The looming supply disruption as a result of coronavirus, along with tariffs and other factors, offers historical opportunities for companies to build—or destroy—customer goodwill.
A Tale of Two Companies
Consider the fate of two companies: Company A and Company B. Both are relatively successful, and both are faced with an extended supply disruption.
Company A responds to the shortage by trying to maintain its traditional customer management processes with diminishing product availability. The VP of Sales is careful to be transparent, informing the customers of its supply shortages and assuring them that it is doing everything possible to secure increasingly scarce supplier allocations.
The company’s sales reps try to prioritize each of their customers. Soon, the company is overwhelmed with conflicting priorities, with each sales rep trying to hold inventory for his or her customers, leading the company to adopt the default option—first-come first-served—as its response to the shortage.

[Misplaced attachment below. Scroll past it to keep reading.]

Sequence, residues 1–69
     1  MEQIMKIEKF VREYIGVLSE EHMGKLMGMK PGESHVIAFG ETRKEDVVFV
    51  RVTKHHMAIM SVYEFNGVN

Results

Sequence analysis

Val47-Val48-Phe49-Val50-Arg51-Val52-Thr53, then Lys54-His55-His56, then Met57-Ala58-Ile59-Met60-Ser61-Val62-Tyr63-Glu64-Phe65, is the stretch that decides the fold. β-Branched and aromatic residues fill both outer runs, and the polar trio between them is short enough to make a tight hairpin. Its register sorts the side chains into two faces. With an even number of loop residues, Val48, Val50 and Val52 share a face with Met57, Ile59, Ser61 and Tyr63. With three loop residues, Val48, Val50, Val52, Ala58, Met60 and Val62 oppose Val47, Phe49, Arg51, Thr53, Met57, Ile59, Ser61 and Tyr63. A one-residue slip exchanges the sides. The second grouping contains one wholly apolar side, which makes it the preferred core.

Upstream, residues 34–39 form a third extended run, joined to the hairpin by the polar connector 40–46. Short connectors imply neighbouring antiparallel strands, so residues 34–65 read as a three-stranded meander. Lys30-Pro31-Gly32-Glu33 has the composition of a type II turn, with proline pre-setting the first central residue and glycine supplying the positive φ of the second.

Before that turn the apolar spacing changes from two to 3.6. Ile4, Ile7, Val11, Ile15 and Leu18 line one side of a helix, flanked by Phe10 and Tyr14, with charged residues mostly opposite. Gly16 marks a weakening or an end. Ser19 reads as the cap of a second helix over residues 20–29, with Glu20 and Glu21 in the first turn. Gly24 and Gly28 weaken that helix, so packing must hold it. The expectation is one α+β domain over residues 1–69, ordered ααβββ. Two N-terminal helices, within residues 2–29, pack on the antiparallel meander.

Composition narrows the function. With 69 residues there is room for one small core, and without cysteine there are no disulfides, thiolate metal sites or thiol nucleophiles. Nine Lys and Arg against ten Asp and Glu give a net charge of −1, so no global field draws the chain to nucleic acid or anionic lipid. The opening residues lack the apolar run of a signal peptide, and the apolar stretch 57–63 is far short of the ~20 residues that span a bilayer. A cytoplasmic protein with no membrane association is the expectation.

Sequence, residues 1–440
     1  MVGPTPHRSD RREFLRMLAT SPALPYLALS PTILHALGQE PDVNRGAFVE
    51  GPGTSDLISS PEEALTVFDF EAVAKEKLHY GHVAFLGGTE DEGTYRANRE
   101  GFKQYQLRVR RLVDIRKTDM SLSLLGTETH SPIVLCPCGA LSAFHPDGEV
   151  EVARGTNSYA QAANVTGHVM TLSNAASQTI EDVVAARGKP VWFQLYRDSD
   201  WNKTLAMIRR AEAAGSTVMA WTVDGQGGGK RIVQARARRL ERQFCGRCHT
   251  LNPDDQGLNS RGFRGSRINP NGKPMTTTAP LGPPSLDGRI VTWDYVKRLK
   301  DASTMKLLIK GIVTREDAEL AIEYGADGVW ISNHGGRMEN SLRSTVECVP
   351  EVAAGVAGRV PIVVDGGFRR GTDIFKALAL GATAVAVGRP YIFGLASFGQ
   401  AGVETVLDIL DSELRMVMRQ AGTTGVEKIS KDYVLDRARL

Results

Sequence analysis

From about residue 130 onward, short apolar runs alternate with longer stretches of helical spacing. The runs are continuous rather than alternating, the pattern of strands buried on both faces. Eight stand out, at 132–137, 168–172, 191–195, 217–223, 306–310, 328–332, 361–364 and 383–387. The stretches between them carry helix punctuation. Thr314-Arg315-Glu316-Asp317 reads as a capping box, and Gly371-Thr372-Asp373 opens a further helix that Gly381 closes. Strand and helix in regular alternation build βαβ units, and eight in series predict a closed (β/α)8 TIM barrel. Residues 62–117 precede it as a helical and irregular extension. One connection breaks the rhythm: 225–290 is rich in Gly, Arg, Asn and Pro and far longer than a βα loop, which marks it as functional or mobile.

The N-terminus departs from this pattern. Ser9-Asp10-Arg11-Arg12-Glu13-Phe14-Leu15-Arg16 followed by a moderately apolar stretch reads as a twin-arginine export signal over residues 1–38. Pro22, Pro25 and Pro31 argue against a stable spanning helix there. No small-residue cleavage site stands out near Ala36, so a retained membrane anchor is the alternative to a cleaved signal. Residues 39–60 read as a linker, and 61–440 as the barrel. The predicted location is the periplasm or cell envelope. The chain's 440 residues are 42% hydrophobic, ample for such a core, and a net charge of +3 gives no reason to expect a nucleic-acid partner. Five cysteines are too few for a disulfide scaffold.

That is essentially no customer management strategy at all, and it is a recipe for a long-lasting pool of customer ill will.
Company B, on the other hand, has a prioritized strategic plan for supply shortages that it developed as an essential part of its risk management process. When shortages materialize and increase, the entire management team becomes a crisis management steering committee, systematically and strategically guiding the company through the crisis.
The company emerges from the crisis period with profits preserved and customer loyalty increased.
In fact, the management team used the supply disruption to build long-term customer loyalty and, with it, sustained profit growth and market positioning advantages.
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